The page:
by Dr. Avigdor Bonchek
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Parashas Yisro 5767This week's sedra contains the Ten Commandments. Before that monumental event is recorded* we are told of the arrival of Yisro, Moses' father-in-law to the Israeli encampment in the wilderness. He advises Moses' how to set up an effective judicial system. [* Before it is recorded, but not necessarily before it happened. There is a difference of opinion as to when Yisro arrived - before or after the Ten Commandments. Rashi says after; the Ramban says before, just as the order is in the Chumash]
Upon the meeting we read:
Moses went out to greet his father - in - law. He prostrated himself; and he kissed him and each man to his friend asked his well being and they went into the tent.
He prostrated himself; and he kissed: Rashi: I do not know who prostrated himself to whom but when it says "each man [ Hebrew 'ish"] to his friend" , who is called an "ish" (man) ? This is Moses as it says "and the man ( 'ish') Moses etc. Numbers: 12:3).
WHAT IS RASHI SAYING?
Rashi is clarifying an ambiguity in the verse. Pronouns are used ("He prostrated"; He kissed") it is not clear to whom the word "he" refers - to Moses or to Yisro?
But several questions can be asked on this Rashi-comment.
See above Exodus 2:20 & 21. Do you have a question?
A Question: If we examine those verses we see that both Moses and Yisro are referred to as "ish." So why does Rashi assume that the word "ish" here refers to Moses and not to Yisro?
Hint: Look at the verse that Rashi cites in Numbers 12:3.
An Answer: It is true that in Exodus both Yisro and Moses are referred to as "ish". But the verse in Numbers is more striking. There the word "ish" does not come in place of Moses's name but in addition to it. It says "the 'ish' Moses." Whereas in Exodus both cases have the word "ish" in place of either of Yisro or of Moses.
Also in Numbers it says: "The man ("ish") Moses was the humblest man on the face of the Earth." That fact is most relevant to our case. It tells us that when Moses met Yisro, even though his father-in-law came to see his most famous son-in-law (after Mt. Sinai certainly Moses was world famous) then we could expect Moses to wait for Yisro's show of honor towards him. But, No! Moses' modesty was predominant and in spite of Moses' high position and high regard, he nevertheless showed Yisro the honor he deserved as a father-in-law, and bowed down to him.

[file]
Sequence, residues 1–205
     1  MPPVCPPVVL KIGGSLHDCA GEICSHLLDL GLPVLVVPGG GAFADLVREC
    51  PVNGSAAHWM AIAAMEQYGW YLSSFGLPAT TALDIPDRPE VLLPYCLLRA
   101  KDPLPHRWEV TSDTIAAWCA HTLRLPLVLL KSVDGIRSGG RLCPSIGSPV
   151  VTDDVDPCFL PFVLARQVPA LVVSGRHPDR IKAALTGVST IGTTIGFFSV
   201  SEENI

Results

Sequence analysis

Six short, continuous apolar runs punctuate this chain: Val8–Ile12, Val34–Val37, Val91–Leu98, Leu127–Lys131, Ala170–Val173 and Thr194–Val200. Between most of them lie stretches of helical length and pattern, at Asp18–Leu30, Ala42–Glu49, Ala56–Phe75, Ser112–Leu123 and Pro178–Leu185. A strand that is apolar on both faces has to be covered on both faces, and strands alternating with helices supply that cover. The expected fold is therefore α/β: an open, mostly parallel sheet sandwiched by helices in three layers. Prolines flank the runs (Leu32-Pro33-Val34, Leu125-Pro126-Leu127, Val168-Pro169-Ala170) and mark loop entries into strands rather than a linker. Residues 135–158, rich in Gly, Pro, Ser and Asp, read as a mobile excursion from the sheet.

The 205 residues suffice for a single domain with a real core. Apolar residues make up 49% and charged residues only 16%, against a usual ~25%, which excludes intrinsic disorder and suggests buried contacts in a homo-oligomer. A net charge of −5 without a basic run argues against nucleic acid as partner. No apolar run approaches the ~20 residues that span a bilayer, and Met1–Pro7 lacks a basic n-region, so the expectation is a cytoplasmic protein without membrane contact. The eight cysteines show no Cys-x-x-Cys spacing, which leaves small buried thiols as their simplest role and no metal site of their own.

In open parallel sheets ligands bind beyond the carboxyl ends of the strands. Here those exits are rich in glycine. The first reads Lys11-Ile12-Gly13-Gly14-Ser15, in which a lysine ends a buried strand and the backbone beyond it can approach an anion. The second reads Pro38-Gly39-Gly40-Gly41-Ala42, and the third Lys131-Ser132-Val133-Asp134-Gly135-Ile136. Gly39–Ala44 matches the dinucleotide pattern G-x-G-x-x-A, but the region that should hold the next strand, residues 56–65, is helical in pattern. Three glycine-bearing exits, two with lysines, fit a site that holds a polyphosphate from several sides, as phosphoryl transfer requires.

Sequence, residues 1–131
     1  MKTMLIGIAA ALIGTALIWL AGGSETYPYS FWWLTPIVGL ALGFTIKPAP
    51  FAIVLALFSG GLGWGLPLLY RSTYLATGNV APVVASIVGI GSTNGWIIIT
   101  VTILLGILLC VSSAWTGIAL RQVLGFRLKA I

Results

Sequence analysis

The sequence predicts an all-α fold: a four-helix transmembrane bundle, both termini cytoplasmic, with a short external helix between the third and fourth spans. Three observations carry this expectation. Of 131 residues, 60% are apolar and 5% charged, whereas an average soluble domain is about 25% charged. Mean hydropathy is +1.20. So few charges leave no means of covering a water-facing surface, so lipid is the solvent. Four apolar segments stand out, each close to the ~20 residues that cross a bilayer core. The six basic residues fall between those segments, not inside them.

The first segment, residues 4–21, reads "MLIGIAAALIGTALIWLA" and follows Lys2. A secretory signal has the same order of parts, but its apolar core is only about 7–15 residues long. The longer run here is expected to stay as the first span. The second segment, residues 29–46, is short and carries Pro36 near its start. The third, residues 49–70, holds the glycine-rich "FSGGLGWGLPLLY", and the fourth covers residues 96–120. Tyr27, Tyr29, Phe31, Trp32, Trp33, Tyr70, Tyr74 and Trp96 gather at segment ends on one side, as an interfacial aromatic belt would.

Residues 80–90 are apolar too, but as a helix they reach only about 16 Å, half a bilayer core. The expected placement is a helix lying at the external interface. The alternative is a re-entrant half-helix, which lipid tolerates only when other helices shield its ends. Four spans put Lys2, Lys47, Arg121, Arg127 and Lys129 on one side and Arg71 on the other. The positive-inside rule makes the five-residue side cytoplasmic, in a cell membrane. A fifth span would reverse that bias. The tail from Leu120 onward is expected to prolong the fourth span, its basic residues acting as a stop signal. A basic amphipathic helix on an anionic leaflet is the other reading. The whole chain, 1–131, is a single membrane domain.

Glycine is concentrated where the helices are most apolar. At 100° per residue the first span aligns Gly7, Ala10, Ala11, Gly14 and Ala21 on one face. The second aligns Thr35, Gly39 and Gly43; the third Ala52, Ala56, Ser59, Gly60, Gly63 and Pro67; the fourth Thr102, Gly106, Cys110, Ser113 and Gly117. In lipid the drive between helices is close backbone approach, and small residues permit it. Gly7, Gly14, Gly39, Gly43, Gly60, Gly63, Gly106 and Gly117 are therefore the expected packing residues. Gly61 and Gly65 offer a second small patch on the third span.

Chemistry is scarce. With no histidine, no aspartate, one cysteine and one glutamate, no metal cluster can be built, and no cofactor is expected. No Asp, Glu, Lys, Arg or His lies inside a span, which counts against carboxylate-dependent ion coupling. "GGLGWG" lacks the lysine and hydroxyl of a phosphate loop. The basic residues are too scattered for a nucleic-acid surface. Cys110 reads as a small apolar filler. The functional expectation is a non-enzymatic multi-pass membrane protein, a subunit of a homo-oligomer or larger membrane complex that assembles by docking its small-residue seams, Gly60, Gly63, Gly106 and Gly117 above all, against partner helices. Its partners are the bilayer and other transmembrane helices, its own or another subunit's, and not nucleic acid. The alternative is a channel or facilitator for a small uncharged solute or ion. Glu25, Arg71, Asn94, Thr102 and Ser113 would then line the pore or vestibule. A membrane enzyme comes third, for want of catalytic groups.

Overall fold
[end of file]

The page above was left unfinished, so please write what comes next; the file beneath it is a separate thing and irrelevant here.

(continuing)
But when you read our verse completely you may wonder why Rashi said: "I do not know who prostrated himself to whom"
What would you ask?
A Question: The verse says: "Moses went out to greet his father - in - law" so Moses is the subject of the verse. The rule in language and in the Torah as well is that when a the subject is mentioned by name in the beginning of a verse then he is the one referred to by the pronouns later in the verse. So why does Rashi say " I don't know who prostrated himself..." it was certainly Moses because he is the subject of the verse.
Can you think of an answer?
A difficult question.
A POSSIBLE ANSWER
The question has been asked by the commentaries on Rashi. No satisfactory answer has been given. I would suggest, with some diffidence, an answer.
Actually the question that Rashi (and the midrash) ask is not that strong for the reason we stated above - that all the pronouns likely refer back to Moses. But since Moses was the greater individual of the two, we might have thought that Yisro would be the one to bow to Moses and not vice verse.
Rashi asked the question in order to teach us derech eretz. That a person should always be careful to honor his father-in-law. In fact the midrash (mechilta) which is Rashi's source, says just that. It ends by saying: "from here we learn that a man should always be prepared to honor his father-in-law."
Rashi's Torah commentary is not just a commentary to explain the meaning of the Torah's verses. It is also intended to teach the Jew Torah in its broadest sense - including Derech Eretz.
"What's Bothering Rashi?" is a production of "The Institute for the Study of Rashi." The 5 Volume set is available at all Jewish bookstores.
This article is provided as part of Shema Yisrael Torah Network
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